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Cosmic Fairy Tales

photo by Courtney Chavanell
Photo by Courtney Chavanell

There’s a luring, mid-20th-century California cool to Natalie Gordon’s voice that sounds like it should be tumbling out of a poolside record player — part-Rosemary Clooney and part-Nancy Sinatra with the contemporary lilt of Shirley Manson and Amanda Palmer. 

These bewitching vocals make Gordon the perfect leader of the fledgling Austin, Texas, band Tele Novella, which rose from the ashes of the “Victorian punk” outfit Agent Ribbons, known for songs “Oh, La La!” and “I’m Alright,” as well as touring with Cake and Camera Obscura. After a bad car accident, Gordon says, Agent Ribbons broke up, but the band’s label still wanted Gordon to perform at South by Southwest 2014. 

“We kinda just formed a band on the fly in a month,” Gordon says over the phone from a pit stop in Amarillo, Texas. Tele Novella debuted at South by Southwest. “Two months after that we went on our first tour ever. It was really kind of a hustle,” she says, adding, “I’m the kind of person who needs assignments to keep me prolific. The hustle has made me a far more organized, productive person.”

If you liked Agent Ribbons, you will like Tele Novella. There are, of course, Gordon’s vocals and a similar dreamy ’60s reverb, which can be heard on the band’s 2014 EP Cosmic Dial Tone. But Tele Novella has some new inspirations too: Os Mutantes, Belle and Sebastian and fairy tales. Gordon says that the Brazilian psychedelic rock band Os Mutantes, famous for the 1968 hit “A Minha Menina,” is a favorite of everyone in the band — bass player Jason Chronis (of Voxtrot), drummer Matt Simons and keyboardist Sarah La Puerta.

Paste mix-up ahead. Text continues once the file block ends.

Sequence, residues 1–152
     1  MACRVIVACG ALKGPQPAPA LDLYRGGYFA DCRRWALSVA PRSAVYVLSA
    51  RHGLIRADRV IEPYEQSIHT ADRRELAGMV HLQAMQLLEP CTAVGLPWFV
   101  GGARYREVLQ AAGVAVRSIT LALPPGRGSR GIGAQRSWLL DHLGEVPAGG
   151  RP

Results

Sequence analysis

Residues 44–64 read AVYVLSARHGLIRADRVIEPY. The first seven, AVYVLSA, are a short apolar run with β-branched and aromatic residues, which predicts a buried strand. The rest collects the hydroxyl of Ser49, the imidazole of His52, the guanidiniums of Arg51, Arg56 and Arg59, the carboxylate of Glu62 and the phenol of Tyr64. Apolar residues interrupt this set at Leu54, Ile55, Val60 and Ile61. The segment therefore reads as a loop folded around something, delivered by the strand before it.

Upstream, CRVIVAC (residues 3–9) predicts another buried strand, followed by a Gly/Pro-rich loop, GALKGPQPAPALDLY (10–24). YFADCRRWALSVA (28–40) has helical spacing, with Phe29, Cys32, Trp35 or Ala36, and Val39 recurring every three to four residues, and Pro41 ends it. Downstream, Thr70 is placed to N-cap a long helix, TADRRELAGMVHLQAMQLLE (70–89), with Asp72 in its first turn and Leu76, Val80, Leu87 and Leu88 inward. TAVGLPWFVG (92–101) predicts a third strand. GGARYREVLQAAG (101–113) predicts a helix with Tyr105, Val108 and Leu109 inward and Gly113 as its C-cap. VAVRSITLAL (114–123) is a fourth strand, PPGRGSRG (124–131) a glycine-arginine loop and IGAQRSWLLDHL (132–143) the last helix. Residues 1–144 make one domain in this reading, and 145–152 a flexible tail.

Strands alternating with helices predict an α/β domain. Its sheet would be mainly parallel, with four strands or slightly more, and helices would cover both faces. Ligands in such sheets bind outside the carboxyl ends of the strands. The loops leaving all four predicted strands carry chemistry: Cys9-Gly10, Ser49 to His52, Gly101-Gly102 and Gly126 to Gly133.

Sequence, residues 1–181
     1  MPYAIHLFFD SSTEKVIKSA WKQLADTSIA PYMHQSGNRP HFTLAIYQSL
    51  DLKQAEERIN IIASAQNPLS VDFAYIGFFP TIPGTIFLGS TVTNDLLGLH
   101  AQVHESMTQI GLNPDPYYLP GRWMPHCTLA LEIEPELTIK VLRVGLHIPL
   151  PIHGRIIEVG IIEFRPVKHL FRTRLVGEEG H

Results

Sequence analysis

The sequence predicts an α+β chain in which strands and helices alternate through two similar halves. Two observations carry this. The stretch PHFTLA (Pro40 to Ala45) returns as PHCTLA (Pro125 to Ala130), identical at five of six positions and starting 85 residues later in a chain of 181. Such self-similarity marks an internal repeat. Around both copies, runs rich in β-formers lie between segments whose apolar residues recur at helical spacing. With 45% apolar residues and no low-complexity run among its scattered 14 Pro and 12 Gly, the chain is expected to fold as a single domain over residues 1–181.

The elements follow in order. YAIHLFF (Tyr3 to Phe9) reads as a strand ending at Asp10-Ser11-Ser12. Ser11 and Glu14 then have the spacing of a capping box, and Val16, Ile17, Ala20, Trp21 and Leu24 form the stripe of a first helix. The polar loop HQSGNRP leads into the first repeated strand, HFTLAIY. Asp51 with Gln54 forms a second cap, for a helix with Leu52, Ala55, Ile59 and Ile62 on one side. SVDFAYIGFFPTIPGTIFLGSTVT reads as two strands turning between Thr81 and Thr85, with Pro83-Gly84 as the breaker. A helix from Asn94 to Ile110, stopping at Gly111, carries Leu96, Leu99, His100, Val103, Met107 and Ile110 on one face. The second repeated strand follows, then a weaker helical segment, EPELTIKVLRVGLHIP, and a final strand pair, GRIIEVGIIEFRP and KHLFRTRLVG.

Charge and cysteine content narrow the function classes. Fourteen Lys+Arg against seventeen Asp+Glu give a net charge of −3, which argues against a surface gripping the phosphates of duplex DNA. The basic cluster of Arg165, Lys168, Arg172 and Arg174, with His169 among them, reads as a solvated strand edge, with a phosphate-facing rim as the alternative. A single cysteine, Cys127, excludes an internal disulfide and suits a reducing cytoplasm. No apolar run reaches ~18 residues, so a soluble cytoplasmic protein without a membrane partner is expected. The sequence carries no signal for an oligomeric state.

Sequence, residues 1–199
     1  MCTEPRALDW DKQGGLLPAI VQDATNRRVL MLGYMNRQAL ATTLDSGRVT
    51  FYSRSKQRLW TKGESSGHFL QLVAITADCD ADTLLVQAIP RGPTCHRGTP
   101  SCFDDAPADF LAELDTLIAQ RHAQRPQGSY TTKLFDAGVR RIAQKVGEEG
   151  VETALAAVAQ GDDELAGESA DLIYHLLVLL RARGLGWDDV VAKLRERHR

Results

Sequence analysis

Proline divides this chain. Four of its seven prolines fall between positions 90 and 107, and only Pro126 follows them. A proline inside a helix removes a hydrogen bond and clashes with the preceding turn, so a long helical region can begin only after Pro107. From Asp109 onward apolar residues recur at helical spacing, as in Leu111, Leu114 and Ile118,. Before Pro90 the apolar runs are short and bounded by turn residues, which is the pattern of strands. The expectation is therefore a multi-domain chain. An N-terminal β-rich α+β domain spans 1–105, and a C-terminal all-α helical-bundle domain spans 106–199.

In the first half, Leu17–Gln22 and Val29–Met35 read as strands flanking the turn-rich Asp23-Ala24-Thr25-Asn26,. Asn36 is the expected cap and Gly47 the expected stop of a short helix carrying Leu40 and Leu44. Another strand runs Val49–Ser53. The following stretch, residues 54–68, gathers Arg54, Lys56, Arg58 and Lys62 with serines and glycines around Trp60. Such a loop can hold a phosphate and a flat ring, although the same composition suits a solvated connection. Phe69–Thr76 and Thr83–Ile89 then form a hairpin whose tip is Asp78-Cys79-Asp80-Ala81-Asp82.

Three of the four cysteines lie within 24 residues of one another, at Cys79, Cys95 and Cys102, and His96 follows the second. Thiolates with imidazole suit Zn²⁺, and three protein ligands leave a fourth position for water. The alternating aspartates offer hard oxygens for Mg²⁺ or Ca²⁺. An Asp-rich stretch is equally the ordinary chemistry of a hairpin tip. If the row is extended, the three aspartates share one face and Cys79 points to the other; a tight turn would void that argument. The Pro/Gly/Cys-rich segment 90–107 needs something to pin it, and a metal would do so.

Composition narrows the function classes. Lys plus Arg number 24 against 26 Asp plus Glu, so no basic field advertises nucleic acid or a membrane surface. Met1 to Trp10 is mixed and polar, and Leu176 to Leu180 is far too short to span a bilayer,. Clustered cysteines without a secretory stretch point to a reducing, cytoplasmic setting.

“The psychedelic flourishes within the structure of a more hooky pop song,” Gordon says, describing the Os Mutantes influence. “We’re also a really lyrics-oriented band that puts a lot of emphasis on the words” and “smartly written ideas,” like Belle and Sebastian, Gordon adds. 

As primary songwriter, Gordon says she likes to interpret life through a surrealistic lens when writing music. “Books are a huge inspiration — classic fairytales,” she says. “That contrast of innocent kidlike fun with sort of dark, sinister themes.”

Tele Novella plays 9 pm Saturday, Aug. 30, at Luckeys; $5.